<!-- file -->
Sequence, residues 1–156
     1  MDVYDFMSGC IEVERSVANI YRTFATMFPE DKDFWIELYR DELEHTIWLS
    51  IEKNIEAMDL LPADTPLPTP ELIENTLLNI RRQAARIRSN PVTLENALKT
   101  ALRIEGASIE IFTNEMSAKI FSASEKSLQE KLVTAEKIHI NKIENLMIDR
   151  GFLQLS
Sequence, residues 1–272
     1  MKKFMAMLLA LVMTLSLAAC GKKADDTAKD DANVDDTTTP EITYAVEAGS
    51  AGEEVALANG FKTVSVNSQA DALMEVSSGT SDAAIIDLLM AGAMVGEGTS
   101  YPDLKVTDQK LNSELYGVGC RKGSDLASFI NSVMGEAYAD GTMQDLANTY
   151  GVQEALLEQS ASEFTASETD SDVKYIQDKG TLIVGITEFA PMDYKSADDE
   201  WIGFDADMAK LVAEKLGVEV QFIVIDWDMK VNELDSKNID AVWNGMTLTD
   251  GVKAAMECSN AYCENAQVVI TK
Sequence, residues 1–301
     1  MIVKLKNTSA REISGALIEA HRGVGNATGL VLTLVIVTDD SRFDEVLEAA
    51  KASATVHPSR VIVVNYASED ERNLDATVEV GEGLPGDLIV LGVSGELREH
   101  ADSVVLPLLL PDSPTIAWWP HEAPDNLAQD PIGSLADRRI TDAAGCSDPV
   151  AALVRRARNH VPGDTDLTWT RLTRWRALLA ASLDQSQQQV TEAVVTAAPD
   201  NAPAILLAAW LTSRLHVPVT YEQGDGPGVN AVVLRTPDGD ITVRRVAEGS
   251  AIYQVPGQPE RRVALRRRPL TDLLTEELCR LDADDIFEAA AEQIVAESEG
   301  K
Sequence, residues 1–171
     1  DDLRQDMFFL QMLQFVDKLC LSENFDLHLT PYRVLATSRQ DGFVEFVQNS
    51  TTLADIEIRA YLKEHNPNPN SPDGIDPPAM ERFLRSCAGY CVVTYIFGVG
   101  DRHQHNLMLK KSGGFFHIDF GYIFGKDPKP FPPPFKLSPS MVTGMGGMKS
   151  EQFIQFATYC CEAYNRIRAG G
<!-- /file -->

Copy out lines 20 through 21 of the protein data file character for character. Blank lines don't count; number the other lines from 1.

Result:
   301  K
Sequence, residues 1–171